Obama Care Open Enrollment
When Can You Apply for Obama Care California?
Generally, you can apply for Obama Care once a year in a window of time called the Open Enrollment Period. However, if you experience a qualifying life event, you may be able to apply during the Special Enrollment Period.
- Dates: The dates have varied for the first few Open Enrollments, but it has been proposed that eventually it will be November 1 through December 15 of each year with an effective date of January 1 of the following year.
- Applies to all individuals and families: They can apply for health insurance that is minimum essential coverage either on or off the Marketplace Exchange.
- Exceptions to the rule: Medicaid, CHIP, Medicare, and employer sponsored health plans have their own specific enrollment periods and guidelines.
- Switching plans or insurance carriers: If you already have health insurance, Open Enrollment is the time in which you can make changes to your plan or explore your options to see if you qualify for a tax credit through Obamacare.
Only if you experience a certain Qualifying Life Event, can you apply outside of Open Enrollment. Within the last 60 days have you recently married, had a baby, involuntarily lost your health insurance, or moved to a new area? These are some examples of life events which may allow you to apply during a Special Enrollment Period (SEP).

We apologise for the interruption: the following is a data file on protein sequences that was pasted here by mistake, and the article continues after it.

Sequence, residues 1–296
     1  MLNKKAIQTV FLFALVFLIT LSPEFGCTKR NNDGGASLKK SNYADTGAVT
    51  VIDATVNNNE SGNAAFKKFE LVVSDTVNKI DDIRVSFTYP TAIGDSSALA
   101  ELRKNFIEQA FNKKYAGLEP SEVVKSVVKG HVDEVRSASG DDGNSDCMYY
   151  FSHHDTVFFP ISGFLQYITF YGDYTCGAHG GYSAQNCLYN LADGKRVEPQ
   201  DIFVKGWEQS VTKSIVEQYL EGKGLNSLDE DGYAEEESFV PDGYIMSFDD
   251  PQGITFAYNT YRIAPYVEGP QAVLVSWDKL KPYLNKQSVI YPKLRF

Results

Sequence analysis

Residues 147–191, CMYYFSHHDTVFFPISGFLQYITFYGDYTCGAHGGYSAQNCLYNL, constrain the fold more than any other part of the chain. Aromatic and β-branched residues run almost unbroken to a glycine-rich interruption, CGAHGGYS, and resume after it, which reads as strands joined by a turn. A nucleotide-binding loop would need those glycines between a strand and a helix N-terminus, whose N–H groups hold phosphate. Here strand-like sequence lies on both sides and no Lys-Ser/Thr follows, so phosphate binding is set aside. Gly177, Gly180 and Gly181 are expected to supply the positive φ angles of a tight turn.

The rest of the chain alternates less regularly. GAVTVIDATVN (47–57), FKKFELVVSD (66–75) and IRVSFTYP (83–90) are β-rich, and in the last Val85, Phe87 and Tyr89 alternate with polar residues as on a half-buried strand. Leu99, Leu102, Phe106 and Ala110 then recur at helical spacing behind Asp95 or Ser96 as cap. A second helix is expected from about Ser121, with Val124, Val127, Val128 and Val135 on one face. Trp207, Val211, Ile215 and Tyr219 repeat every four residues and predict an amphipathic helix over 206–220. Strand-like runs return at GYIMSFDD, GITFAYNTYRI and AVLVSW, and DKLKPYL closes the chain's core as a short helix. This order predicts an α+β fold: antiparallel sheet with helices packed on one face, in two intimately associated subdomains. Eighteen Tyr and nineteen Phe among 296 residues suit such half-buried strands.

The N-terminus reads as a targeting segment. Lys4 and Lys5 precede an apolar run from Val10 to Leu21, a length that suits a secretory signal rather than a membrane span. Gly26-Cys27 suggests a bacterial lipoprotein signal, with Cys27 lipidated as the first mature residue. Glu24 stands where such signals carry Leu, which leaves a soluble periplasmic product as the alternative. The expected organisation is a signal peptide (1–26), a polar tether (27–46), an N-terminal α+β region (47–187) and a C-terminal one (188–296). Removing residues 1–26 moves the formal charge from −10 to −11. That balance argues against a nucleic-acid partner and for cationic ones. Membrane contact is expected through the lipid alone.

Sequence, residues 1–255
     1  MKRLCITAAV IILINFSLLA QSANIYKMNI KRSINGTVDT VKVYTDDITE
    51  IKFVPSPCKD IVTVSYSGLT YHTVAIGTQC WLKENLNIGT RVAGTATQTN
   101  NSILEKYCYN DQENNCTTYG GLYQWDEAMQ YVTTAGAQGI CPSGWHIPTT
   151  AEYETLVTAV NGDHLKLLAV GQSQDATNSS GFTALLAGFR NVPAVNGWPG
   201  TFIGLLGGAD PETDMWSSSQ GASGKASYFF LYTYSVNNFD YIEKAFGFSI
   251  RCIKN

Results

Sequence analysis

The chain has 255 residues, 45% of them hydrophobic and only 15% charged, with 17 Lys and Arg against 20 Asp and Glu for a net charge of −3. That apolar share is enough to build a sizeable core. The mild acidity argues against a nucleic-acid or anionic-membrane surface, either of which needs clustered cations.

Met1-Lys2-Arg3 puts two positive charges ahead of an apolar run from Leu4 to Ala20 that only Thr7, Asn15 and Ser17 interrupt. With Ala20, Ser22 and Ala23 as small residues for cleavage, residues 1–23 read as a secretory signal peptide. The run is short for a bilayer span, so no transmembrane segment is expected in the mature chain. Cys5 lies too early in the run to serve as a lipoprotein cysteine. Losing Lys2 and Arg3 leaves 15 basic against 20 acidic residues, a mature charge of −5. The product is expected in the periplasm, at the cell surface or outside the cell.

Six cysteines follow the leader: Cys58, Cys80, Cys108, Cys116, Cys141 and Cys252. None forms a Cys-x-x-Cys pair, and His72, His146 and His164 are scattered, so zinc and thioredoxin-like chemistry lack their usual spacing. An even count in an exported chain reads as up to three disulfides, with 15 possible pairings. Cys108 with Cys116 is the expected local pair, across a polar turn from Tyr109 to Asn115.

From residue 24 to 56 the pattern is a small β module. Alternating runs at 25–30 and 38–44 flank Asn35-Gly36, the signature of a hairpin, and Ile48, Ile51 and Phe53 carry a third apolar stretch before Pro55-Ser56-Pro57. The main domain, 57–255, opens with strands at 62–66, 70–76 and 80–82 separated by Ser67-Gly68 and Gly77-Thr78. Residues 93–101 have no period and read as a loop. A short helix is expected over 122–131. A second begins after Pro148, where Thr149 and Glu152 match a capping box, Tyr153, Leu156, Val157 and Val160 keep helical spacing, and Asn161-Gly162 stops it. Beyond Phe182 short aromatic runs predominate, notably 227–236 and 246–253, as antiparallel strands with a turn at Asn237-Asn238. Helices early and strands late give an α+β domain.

Why does Obama Care have an Open Enrollment Period?
Before Obama Care or the PPACA (Patient Protection and Affordable Care Act) was made law, there were different rules for how people apply for health insurance. These rules affect those applying in the individual market. Typically, it’s those who are not on employer or government plans.
As a result, insurance companies have to accept a larger pool of applicants with a higher percentage of sick people. To control costs, insurance companies use open enrollment periods so that everyone signs up at the same time each year. This way everyone contributes their premiums throughout the whole year to balance the costs of services between healthy and sick people.
Without an annual Open Enrollment, people would only sign up when they got sick. This would create a huge imbalance of sick people verses healthy people in the pool. The result would be higher costs to the insurance companies who would in turn pass on those costs in the form of higher rates to you and me.